In a recent post on SCOTUSblog about the people most likely to be nominated for the Supreme Court, Tom Goldstein writes: "Nothing I have written above fails to scream – not merely suggest, but scream – Elena Kagan, who deserves the title 'prohibitive front runner.'"
    (http://www.scotusblog.com/2010/02/on-october-4-2010-elena-kagan-will-ask-her-first-question-as-a-supreme-court-justice/)

    This, of course, is not an example of overnegation. But I offer it as further proof that multiple negations tend to be hard to parse. I, for one, had to do a double take the first time I read the locution "nothing failed to scream."

  8. Dan T. said,

    February 25, 2010 @ 1:26 pm

    "Turn of the century", and related phrases, are always relative; in this work on London history, you find a reference to "towards the close of the last century", for which, in order to interpret properly, you need to know that the work being quoted here was published in 1878. Similarly, Gilbert & Sullivan's Major General song refers to his military knowledge being "only brought up to the beginning of the century", presumably the 19th.

  9. Chandra said,

    February 25, 2010 @ 4:15 pm

    I think there's still room for confusion. If I overheard someone mention a "turn-of-the-century work of art", I'd assume they meant c. 1900, even though it's plausible that they could be discussing a work of art created sometime around the new millenium.

  10. Dan T. said,

    February 25, 2010 @ 4:19 pm

    It's probably also relative based on how old the speaker is; those of generations like mine (and presumably yours) whose formative days were in the 20th century probably still associate "turn of the century" with the beginning of that one, while perhaps younger generations who don't remember anything before 2000 have a different association.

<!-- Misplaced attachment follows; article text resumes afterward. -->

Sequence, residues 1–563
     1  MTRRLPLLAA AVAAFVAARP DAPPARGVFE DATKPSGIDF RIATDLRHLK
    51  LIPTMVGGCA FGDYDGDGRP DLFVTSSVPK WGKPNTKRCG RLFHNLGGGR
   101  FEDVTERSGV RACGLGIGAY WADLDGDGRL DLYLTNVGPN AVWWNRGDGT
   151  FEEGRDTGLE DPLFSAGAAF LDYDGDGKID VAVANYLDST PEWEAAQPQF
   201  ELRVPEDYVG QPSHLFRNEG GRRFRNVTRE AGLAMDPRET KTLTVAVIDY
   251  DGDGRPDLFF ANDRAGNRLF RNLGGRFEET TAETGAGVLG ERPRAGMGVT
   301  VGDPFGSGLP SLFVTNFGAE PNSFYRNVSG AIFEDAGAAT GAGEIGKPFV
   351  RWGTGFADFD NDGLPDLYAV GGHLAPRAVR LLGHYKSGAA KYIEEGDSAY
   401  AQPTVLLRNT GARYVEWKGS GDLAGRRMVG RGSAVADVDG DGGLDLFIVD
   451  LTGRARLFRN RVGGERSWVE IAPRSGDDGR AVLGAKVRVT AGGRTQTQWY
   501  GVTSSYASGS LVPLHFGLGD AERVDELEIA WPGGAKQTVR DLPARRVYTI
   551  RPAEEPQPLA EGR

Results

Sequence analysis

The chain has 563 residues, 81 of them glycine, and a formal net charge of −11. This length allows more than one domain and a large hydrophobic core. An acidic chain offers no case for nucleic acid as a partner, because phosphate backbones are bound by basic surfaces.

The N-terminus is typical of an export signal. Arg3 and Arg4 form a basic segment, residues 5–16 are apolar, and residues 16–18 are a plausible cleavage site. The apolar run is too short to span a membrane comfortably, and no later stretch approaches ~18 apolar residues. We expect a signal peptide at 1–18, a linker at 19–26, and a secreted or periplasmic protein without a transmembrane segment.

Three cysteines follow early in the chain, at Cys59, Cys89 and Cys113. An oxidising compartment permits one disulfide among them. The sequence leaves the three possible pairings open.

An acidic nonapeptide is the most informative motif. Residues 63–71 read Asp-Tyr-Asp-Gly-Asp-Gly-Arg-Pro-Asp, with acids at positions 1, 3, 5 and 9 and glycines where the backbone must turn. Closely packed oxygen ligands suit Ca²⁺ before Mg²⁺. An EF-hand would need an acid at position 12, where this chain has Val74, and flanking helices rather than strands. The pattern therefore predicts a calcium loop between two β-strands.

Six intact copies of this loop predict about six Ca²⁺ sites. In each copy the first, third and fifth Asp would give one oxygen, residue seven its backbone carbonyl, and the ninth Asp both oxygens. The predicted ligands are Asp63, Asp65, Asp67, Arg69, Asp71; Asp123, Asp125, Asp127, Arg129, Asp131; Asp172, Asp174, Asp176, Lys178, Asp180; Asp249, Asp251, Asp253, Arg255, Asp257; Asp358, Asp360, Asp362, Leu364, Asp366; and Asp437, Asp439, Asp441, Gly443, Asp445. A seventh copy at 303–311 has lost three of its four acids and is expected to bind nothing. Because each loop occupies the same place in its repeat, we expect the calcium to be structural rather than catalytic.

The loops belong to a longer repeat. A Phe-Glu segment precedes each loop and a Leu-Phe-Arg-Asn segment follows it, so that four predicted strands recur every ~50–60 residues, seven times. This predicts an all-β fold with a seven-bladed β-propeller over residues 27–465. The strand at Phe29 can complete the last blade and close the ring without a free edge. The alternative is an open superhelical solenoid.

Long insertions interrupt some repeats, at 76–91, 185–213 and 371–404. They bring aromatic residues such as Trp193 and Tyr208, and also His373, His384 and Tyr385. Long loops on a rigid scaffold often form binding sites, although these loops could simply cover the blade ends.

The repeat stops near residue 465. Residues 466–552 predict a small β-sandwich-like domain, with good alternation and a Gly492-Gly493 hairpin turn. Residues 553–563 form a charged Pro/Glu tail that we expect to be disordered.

11. svat said,

    February 25, 2010 @ 4:45 pm

    Is someone collecting examples of triple negatives?

    Some are here, in a post by Tim Gowers, FieldsMedal-winning mathematician and great-grandson of Ernest Gowers.

  12. Spell Me Jeff said,

    February 25, 2010 @ 6:33 pm

    So how do you describe a sentence like this:

    I wonder if we weren't too hard on him.

    . . . which would be uttered when you suspect that in fact you were too hard on him? (In my own slightly overwrought dialect, anyway.)

    Some sort of subjunctive?

    Might not Stevens's original fit this pattern?

  13. Martin Ball said,

    February 25, 2010 @ 7:24 pm

    What about under-negation? (Presumably due to final cluster simplification in colloquial speech). The one I keep reading is "I/she/they could care less" (recent example in Heilemann and Halperin's "Game Change").
    At least to me that means they care quite a bit…..

  14. Private Zydeco said,

    March 1, 2010 @ 12:29 am

    Forgive the miscalculative error here if it is indeed one, but isn't the logical entailment, as it is written, of

    Leia might have argued against his obvious hatred for their former leader, but she couldn't swear that it wasn't something she didn't feel herself.

    that the Leia in question does share somewhat of the same atipathy that is in question, but perhaps because of questionable near-disregard of first amendment rights exercised by a less-than-magnanimously-perceptive incumbent ruling power she felt it necessary to couch same in flip-floppingly cryptic terms?

  15. Private Zydeco said,

    March 1, 2010 @ 12:41 am

    Nevermind. It's a clear overnegation, given the "but". Rather sorry!